Netflix lights up the Twitterverse after announcing it will invest half a billion dollars into Canadian content, Equifax is still in the news, and Mark Zuckerberg admits Facebook played a role in the results of last year’s U.S. election.
On Twitter, federal heritage Minister Melanie Joly says the government has struck a deal with Netflix, which has promised to establish a permanent film and television production presence in Canada and invest at least $500 million Canadian over the next five years into original Canadian productions that it will distribute worldwide. It should be noted that Netflix has been supporting Canadian content for years, spending millions to revive Showcase’s Trailer Park Boys, co-producing the recent CBC series Anne and Alias Grace, and distributing Space’s sci-fi hit Orphan Black in several markets as a Netflix Original.
Over on Reddit, Equifax is the target of its most high-profile legal battle yet. San Francisco is suing Equifax for, quote, “failing to protect the personal data of more than 15 million Californians,” endquote. This makes San Francisco the first city in the U.S. to sue Equifax over its massive data breach, which was revealed on Sept. 7 and compromised the personal information of 143 million U.S. consumers. The company is also the subject of a class-action lawsuit by Canada’s Merchant Law Group and a subpoena in New York.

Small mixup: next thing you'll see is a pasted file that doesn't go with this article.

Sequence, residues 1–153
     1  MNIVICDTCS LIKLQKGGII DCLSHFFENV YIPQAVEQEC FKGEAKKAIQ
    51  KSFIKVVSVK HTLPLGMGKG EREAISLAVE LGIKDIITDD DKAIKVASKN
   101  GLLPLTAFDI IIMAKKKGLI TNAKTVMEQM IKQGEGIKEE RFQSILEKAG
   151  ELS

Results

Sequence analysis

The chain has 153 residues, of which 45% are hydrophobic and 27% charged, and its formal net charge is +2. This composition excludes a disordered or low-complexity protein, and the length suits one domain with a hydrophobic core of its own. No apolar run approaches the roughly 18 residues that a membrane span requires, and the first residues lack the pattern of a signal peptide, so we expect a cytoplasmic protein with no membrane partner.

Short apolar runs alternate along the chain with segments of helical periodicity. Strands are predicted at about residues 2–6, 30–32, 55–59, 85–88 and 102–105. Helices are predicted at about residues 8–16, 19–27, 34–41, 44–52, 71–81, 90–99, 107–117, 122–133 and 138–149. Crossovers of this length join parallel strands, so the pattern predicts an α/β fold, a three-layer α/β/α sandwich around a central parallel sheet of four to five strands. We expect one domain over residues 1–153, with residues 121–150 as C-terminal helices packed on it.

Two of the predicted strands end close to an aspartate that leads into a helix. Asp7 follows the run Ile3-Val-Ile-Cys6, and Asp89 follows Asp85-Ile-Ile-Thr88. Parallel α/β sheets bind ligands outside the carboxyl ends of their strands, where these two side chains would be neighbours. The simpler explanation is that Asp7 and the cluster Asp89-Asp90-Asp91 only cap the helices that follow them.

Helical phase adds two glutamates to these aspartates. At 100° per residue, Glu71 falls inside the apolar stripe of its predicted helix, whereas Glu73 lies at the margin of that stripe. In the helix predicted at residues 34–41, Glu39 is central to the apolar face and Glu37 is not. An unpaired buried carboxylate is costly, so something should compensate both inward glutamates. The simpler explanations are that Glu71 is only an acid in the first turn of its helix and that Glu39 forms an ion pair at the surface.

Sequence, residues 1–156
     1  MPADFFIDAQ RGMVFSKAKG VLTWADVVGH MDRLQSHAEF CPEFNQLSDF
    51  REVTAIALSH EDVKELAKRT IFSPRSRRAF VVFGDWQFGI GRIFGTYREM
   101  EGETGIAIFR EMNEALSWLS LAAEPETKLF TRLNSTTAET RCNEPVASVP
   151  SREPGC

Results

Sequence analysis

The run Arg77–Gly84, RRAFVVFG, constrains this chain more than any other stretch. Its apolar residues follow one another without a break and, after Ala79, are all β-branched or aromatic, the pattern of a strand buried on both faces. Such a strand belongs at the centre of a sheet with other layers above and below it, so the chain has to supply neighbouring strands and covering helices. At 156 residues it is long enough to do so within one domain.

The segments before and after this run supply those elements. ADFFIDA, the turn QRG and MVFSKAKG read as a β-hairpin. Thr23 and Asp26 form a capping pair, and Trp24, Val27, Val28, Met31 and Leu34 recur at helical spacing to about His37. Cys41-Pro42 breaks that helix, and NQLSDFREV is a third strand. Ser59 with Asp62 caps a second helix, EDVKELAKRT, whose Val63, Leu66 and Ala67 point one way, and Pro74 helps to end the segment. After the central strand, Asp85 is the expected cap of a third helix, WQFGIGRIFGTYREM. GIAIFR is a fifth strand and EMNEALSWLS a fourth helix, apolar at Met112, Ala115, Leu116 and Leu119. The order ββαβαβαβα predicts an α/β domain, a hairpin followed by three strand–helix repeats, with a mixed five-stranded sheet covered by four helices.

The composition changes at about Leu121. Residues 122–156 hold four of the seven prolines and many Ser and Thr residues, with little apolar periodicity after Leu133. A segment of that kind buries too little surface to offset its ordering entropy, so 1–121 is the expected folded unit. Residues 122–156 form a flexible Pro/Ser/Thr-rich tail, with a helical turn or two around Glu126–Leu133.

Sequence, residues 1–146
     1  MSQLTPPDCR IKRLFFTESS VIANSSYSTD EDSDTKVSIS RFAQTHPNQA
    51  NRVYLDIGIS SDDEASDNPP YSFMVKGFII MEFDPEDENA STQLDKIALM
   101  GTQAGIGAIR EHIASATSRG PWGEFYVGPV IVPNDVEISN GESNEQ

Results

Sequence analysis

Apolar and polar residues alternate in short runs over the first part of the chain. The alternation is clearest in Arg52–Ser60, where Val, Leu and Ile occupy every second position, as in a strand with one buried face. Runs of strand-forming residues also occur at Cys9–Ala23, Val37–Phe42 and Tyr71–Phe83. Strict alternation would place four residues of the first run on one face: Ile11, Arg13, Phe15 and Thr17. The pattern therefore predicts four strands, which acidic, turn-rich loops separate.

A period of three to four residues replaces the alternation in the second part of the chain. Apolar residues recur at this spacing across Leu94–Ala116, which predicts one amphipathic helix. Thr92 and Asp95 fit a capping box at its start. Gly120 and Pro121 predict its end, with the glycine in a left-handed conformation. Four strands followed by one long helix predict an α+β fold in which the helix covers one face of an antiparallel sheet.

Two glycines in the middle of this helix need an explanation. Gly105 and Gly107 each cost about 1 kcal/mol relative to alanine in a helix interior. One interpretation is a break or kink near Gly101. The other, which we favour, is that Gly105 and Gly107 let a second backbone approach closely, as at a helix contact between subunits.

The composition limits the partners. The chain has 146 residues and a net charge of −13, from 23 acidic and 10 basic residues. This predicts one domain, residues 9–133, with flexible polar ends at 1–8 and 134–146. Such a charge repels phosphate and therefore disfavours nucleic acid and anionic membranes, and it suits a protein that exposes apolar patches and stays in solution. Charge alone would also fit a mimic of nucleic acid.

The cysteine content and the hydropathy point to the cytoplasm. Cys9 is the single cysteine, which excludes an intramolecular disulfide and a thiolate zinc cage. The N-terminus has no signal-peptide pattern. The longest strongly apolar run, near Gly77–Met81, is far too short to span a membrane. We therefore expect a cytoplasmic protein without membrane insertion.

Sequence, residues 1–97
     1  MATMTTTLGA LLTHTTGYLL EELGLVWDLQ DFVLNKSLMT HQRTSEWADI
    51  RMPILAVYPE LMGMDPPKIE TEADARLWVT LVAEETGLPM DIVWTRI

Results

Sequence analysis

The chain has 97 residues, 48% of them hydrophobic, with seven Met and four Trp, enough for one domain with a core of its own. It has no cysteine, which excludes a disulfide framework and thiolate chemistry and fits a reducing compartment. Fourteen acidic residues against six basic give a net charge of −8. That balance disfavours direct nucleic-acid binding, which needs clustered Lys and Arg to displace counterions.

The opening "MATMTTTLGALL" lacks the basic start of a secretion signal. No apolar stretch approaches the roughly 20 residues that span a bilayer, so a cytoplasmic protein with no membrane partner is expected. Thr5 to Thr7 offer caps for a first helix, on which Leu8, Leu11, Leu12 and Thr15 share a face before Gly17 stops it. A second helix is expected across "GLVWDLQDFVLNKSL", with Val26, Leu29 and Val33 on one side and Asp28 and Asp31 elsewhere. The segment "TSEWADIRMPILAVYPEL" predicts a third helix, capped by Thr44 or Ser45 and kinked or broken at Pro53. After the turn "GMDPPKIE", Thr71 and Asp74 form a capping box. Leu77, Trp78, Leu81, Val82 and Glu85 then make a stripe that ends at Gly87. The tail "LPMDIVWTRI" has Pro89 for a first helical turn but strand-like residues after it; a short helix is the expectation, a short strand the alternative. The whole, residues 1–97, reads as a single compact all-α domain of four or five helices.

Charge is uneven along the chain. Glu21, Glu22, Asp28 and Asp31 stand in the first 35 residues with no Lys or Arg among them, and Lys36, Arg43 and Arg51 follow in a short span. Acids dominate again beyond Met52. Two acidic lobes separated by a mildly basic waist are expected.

Finally, on – where else? – Facebook, founder Mark Zuckerberg admits that he was wrong to dismiss the idea that “fake news” on Facebook influenced last November’s U.S. election.
Facebook was always anti-Trump.The Networks were always anti-Trump hence,Fake News, @nytimes(apologized) & @WaPo were anti-Trump. Collusion?
— Donald J. Trump (@realDonaldTrump) September 27, 2017
Responding to a tweet from Donald Trump claiming Facebook has always been against him, Zuckerberg said, quote, “Calling that crazy was dismissive and I regret it. This is too important an issue to be dismissive. But the data we have has always shown that our broader impact — from giving people a voice to enabling candidates to communicate directly to helping millions of people vote — played a far bigger role in this election.”